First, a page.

Low-budget gem...a surprise...
R. Gawlitta | Milwaukee, Wisconsin USA | 07/29/2003
(4 out of 5 stars)
"This film really isn't so bad if you consider a few things. An encouraged guy named Jack Pollexfen (not unlike Ed Wood) had an idea (not unlike Ed Wood) and cast a great actor from the past (not unlike Ed Wood). The difference is that this is a take on "noir", though without the finesse of those earlier films (sorta like Ed Wood). Production values, as in any independent film with a somewhat believable plot, are low. ("Blair Witch Project", though innovative, was not much different). My idea is not to criticize it for its tackiness, but for its idea. The acting isn't that bad. Marian Carr is actually quite effective as the only female lead. Casey Adams was good as he could be; made a big mark on TV in "Green Acres"; it's almost a take on "Dragnet", the hit TV series at the time (though Adams has more life than Jack Webb ever did...). Then there's Lon Chaney, Jr., relegated to idiotic roles because Hollywood never knew what to do with him; with the studio collapse of the early 50's, no one remembered his touching performance as "The Wolf Man" (1941) or his most remarkable performance (as Lenny) in "Of Mice and Men" (1939, directed by Lewis Milestone). Whaddya do with a guy like this? Perhaps he knew that he was "hard to cast", but I beg anyone to say that his heart wasn't in it. Today's wave of independent film is suddenly recognized as a force to be reckoned with; budgets as they are, I think some of the "lousy" films of the 50's tried to do the same thing. They didn't have Miramax to back them...NO ONE, for that matter. Still, I was a part of the Drive-In crowd back then, and I still appreciate this kind of film fare. Even bad independent film should be respected, to a point. The really trashy films will be just that; small moments of ingenuity should be respected. I have the VHS version, and now the DVD. Both are of low quality, but I find both equally entertaining. This film has been written off as junk by the studios who've produced it. Despite the bad VHS/DVD transfers, the film held my interest. Decide for yourself. ADD'L COMMENT: I just got the DVD of the "Inner Sanctum" series, all starring Lon Chaney, Jr. They're 6 short B-movies from the mid-40's, and fun. Excellent picture transfer."
Silent, But Deadly..
Bindy Sue FrÝnkŁnschtein | under the rubble | 07/22/2003
(4 out of 5 stars)
"Lon Chaney jr. is great as Charles "Butcher" Benton, in this enjoyable shlock-fest. Sitting on death row, he swears revenge against his former partners in crime, including his sleazoid lawyer who got him put away in the first place. Benton is executed the next day. His body is sold to a scientist who inadvertently brings him back to life during an experiment. Not only that, but Benton is now an indestructible maniac, impervious to bullets! Benton is also unable to speak, as his vocal cords have been destroyed by the 300,000 volts of electricity used on him. He kills the scientist and his assistant (played by the ever goofy Joe Flynn), then shambles forth to continue his rampage. This is a pretty good revenge flick. Both cops and innocent bystanders are wiped out for getting in his way! Benton stalks and eventually catches up with his ex-cronies, dispatching them in quick fashion. I was surprised at the body-count, seeing as this did come out in 1956. If you like murder, mayhem and back-from-the-grave horror, this is a must! ..."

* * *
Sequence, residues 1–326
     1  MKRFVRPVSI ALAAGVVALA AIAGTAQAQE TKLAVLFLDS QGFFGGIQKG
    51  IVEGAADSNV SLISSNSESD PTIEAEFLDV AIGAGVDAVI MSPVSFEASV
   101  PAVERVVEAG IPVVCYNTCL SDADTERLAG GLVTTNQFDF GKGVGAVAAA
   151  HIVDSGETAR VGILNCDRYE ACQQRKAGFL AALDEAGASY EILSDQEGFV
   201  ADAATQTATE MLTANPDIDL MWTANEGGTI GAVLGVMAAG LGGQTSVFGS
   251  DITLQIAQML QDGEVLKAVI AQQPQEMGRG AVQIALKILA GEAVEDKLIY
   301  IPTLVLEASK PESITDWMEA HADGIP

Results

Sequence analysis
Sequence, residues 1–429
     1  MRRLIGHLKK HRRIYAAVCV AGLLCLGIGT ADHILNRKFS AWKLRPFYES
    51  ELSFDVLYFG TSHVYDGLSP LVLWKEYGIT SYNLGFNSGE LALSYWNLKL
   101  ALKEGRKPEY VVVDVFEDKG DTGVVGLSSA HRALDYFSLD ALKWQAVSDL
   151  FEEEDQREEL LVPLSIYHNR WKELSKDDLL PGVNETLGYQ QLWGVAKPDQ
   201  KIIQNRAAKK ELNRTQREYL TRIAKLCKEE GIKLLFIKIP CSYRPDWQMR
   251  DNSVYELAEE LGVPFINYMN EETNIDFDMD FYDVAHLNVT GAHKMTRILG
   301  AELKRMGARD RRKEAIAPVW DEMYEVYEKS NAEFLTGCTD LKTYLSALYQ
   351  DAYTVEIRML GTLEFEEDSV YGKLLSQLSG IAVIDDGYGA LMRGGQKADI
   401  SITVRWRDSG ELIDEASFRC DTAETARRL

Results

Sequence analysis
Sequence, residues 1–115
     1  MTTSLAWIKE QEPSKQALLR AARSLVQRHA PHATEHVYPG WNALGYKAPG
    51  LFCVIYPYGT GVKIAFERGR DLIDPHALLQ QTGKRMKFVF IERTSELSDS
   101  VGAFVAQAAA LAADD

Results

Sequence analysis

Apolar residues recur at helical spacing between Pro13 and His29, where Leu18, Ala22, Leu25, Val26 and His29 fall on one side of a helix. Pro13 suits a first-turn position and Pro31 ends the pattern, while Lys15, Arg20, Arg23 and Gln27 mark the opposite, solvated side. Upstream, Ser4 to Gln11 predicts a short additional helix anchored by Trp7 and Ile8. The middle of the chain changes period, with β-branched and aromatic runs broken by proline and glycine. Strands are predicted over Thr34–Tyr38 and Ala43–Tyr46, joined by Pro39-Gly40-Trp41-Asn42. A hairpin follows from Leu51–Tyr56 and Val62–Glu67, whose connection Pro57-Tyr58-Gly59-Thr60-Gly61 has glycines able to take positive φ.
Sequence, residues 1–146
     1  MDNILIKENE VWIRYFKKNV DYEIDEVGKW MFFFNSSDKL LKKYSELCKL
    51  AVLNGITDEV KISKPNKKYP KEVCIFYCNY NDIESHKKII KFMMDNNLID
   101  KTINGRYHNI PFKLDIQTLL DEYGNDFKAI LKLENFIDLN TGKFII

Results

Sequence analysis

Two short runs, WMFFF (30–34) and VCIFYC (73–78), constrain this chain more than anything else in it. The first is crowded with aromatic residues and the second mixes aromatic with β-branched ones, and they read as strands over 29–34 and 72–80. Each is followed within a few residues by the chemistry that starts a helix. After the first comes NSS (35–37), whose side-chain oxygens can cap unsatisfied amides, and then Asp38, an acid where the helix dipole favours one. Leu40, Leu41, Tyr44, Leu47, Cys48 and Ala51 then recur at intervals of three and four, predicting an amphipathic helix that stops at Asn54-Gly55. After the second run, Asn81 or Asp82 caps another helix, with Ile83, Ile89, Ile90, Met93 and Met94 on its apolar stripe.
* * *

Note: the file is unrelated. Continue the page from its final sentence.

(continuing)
Updating The Frankenstein Myth
Bart | Montpellier, France | 11/07/2006
(5 out of 5 stars)
"More than 150 years ago Mary Shelly sat down with a group of authors on a chilly winter night and came up with the Frankenstein Story.
Who could have guessed that new versions and evolutions of the story would continue to this day. The Indestructible Man came almost exactly 100 years after the first tellin of the tale and gives a good glimpse as to how the narrative can evolve with the times.
Frankenstein has always been about man's fear of technolgy and his desire to play god. Therefore filmakers play god with their stories while bringing each generations new technology to the task.
What I liked about this version was the casting choice. Lon Cheny Jr was almost always cast as one or another variation of The Wolf Man. Therefore to see him play Frankenstien is amazing.
You get to see what he would have done with the role if it had not gone to Boris Carloff 20 years before and he does a great job with it.
The movie is a little bit on the short side - comming in at 70 minutes, but that's really all you need to tell this story.
We know the monster will go bad and that he must be destroyed, so there is no point in dragging out the issue. Being a mid 1950s movie the monster is a symbol for the growing american ease with nuclear power and energy and this is worked into the story fairly well.
The film is also well preserved and one of the last chances to see Cheny while he was still in his prime."
Lon Cheny Jr. Zombie Film
Arthur | America | 05/22/2006
(5 out of 5 stars)
"As everyone knows Lon Cheny Jr was The Wolfman and afterwards he went on to do a whole bunch of B Horror movies - this one being a very good example. This time around he doesn't howl at the moon, intead he's an undead criminal zombie brought back to life by a mad scientist. Some people love this type of film and some people don't. I love classic Holywood horrow, so I was way into it."